What’s the use of being elected or re-elected if you don’t stand for something?
I have long ceased to argue with people who prefer Thursday to Wednesday because it is Thursday.
G.K. Chesteron, 1923
Yesterday in the Washtington post Chris Cillzza lamented that the political middle had disappeared.
In 1982, there were 344 Members whose voting records fell somewhere between the most conservative voting Democrat and the most liberal voting Republican in the House. Thirty years later, there were 11. That means that in 1982 the centrists — or at least those who by voting record were somewhere near the middle of their respective parties — comprised 79 percent of the House. In 2012 they made up 2.5 percent of the House. So, yeah.
I find it interesting that apparently the left has become just as liberal as the right has conservative yet is never called “extreme” but I think Cillizza is his lament and chart seems to miss something about politics.
It’s not a fraternal order. It’s not the Elks, the Eagles or the Lions club. All are decent clubs that do good things but there really isn’t much of a difference between one or the other,
A political party isn’t supposed to be like that. A party has a platform and a particular beliefs. In theory a person joins and supports a political party because of those common beliefs and values and votes for one party over another because he or she wants to advance those ideas or values.
If people are however in a party because it happens to be the club they joined then belief and principles becomes “flexible” because the purpose is to serve the “club” rather than the people.
For example, consider this quote from Tip O’Neill’s autobiography:
Sam Rayburn: Now I don’t give a rat’s ass whether or not you like the legislation. If it’s a party issue, your obligation is to get it on the floor. Once it gets there, of course, you’re on your own and you’re fee to vote your conscience—or your district. But on the Rules Committee, if we need your vote, you’ll give it to us–even if you hate the bill , and even if it goes against the economy of your Area.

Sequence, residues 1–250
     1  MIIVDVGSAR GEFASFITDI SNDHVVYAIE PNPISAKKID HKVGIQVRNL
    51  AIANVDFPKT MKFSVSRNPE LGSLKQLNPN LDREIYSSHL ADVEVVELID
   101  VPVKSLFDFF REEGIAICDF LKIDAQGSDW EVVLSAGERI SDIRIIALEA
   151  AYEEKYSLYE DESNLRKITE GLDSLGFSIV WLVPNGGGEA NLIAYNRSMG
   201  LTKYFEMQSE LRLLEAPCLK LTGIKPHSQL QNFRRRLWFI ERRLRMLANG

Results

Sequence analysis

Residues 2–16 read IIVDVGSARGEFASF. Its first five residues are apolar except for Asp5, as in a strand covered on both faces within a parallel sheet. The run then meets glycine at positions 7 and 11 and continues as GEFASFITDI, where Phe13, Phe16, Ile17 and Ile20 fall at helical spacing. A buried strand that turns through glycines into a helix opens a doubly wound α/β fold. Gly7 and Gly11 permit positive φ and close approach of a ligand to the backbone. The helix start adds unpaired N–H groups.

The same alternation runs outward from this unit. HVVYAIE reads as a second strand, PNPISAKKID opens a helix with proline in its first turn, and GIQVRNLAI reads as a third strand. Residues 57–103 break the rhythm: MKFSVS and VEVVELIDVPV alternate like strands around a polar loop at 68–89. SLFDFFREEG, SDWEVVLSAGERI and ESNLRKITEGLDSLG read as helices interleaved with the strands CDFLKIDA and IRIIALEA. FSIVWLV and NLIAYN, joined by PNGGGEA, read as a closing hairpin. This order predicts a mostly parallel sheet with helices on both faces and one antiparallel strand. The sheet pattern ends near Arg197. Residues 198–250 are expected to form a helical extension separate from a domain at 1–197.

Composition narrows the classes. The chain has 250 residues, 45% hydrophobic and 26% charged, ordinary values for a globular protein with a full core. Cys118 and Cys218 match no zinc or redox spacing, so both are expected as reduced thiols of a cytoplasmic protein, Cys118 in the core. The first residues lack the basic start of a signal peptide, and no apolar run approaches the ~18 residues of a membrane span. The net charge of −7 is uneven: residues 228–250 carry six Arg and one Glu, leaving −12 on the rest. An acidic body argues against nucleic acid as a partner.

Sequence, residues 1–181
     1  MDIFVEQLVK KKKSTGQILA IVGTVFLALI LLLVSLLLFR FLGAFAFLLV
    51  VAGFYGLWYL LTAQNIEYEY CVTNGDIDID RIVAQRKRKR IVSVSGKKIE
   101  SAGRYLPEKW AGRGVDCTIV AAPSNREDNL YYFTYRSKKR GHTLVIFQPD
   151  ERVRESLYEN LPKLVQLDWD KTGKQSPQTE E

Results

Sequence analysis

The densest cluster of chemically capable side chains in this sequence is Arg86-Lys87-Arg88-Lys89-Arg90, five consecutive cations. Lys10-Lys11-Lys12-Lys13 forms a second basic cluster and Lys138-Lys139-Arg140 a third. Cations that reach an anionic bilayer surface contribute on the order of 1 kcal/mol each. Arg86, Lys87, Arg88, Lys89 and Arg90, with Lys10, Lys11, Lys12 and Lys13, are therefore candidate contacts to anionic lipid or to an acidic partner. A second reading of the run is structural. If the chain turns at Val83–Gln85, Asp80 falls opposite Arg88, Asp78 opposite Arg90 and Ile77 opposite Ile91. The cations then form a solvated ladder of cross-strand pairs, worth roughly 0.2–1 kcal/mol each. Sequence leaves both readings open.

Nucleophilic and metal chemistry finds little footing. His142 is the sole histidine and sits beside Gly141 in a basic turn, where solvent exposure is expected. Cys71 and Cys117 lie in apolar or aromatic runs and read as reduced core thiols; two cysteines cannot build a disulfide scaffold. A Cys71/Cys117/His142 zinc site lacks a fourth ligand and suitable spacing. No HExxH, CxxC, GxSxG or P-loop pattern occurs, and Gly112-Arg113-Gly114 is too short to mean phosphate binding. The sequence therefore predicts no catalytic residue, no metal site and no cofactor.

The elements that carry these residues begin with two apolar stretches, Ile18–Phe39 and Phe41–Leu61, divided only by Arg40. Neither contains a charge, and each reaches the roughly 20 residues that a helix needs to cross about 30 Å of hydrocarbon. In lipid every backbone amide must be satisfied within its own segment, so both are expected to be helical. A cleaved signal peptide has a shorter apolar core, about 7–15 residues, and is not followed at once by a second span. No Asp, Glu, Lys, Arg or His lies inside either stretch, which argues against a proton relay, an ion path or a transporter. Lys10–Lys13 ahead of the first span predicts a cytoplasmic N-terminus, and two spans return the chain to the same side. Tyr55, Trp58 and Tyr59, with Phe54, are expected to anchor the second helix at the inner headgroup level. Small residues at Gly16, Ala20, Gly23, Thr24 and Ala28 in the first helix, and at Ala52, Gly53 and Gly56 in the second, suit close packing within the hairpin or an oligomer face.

Now to a Chris Cizilla and to those who miss the good old days when things got done there is absolutely nothing wrong with he concept. This is simply how things were done and it’s same they aren’t done that way again. It’s no big deal.
Think about what that actually means.
It says that to get power and advance what the bosses want you are expected to ignore the voter who you work for, the principles you believe in and the region you represent to serve what others want, you are not a public servant, you are the servant of the bosses.
It doesn’t bode well for the people but it’s perfect for special interest, you don’t have to buy dozens or hundreds of members of congress, you just have to buy a few leaders and you’ve got whatever your client wants.
Now if you have a leader like Sam Rayburn whose primary thought was the good of the people that enormous power to make or break will usually be advanced for his interpretation of the common good.
But how often do you actually end up with such people in leadership, how much more often does such power go to those who wish wealth for themselves and the hell with the people along as they and theirs get it, remember even Tip O’Neill another man of the people was famous for these words to Democrats when he needed a vote and believed he was wrong: “I don’t need you when I’m right.”
Me I’d much rather a person who works for me, stands with me and fights for the best possible deal for me, government of the people rather than government of the interests. Look at the large Unions and you’ll see where that leads.
If that’s the type of government that the left pines for it says something about them, and it isn’t good.